Andrew Sullivan, prolific blogger and former editor the The New Republic, gave a shout-out to award-winning novelist, filmmaker, Zen priest (and, Shambhala Sun contributor) Ruth Ozeki on Sunday. Sullivan noted how Ozeki weaves Buddhism into her writing in natural, subtle ways, and also her “shifty” concept of self.
The interview, from the LA Review of Books, is an interesting exploration of Ozeki’s pluralistic identity, delving into Zen comedy, toilet cleaning as practice, and feeling like a cow in a butcher shop. See Sullivan’s post here or, read the whole interview. Also check out the Shambhala Sun review of Ozeki’s 2013 novel, A Tale for Time-Being, and some of Ozeki’s writing for the Shambhala Sun and Buddhadharma:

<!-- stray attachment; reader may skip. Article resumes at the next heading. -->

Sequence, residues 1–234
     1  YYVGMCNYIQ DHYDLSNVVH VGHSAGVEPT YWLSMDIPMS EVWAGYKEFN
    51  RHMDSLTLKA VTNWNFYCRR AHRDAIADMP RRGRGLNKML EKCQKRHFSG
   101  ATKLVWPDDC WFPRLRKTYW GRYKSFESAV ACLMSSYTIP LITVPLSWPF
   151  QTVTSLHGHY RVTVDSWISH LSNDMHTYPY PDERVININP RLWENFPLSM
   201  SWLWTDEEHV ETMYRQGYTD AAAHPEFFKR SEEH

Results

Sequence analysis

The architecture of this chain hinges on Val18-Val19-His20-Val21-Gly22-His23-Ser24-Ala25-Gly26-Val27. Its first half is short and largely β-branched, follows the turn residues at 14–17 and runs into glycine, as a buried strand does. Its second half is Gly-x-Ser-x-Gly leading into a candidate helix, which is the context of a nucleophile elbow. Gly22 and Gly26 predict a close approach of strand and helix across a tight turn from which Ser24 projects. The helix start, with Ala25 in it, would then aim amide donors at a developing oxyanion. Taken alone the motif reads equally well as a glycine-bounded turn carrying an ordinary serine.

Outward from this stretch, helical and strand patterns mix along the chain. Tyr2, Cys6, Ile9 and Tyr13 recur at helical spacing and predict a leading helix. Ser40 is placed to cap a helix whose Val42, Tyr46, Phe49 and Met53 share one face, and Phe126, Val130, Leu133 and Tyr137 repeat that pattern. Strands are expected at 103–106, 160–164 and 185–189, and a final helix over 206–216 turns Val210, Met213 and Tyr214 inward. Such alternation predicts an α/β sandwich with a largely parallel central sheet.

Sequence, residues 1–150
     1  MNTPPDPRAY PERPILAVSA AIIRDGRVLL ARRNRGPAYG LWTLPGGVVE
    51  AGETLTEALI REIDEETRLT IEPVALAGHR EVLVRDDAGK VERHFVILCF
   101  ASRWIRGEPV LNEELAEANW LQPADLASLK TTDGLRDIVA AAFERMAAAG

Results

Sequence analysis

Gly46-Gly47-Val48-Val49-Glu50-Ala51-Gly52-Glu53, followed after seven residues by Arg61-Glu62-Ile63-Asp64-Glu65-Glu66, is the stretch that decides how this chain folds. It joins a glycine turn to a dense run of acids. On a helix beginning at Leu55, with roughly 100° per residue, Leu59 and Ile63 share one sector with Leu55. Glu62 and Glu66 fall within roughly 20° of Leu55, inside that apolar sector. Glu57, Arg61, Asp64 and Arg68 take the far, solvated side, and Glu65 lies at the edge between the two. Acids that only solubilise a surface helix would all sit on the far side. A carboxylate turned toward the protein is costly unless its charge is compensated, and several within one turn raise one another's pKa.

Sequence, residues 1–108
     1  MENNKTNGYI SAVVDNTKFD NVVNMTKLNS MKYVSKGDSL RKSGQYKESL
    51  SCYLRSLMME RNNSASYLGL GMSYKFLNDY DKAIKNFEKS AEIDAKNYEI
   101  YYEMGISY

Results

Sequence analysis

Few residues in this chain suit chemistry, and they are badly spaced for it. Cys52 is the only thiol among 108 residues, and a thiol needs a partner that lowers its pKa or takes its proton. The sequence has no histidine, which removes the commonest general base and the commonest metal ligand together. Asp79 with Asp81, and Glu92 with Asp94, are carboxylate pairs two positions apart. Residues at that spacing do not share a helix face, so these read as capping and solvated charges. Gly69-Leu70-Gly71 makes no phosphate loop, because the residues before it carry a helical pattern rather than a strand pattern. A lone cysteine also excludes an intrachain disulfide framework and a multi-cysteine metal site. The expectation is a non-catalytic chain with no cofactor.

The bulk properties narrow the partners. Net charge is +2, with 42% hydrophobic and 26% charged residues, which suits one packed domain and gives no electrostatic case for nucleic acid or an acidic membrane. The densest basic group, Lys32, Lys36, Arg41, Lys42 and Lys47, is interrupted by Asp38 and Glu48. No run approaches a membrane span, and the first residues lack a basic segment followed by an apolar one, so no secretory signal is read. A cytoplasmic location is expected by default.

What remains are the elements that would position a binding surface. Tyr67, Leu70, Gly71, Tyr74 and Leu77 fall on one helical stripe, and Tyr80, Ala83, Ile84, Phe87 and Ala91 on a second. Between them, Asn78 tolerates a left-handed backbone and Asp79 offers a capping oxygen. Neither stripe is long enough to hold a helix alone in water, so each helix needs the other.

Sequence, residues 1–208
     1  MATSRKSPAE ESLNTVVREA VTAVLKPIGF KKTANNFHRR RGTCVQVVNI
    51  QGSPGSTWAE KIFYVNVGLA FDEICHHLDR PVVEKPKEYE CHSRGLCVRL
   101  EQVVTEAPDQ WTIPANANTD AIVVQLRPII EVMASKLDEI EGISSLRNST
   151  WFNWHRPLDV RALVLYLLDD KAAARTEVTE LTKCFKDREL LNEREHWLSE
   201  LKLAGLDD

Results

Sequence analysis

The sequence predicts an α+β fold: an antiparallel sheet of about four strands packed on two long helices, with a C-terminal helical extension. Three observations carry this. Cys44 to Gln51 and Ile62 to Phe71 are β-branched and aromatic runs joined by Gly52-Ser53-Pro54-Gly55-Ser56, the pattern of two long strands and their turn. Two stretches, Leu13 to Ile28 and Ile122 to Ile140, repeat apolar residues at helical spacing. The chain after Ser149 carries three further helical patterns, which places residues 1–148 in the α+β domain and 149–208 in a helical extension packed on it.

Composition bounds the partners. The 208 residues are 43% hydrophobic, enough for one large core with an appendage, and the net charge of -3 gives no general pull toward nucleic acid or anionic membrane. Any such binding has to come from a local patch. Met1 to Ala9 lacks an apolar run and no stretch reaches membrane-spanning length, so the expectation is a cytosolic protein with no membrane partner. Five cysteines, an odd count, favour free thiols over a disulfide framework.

- The Art of Losing: On Writing, Dying, and Mom
- Nothing Is Wasted: A Tale of Trauma and Transformation
- My Year of Meats
- About a Poem: Ruth Ozeki on Taha Muhammad Ali’s “Revenge”
- from Buddhadharma: Confessions of a Zen Novelist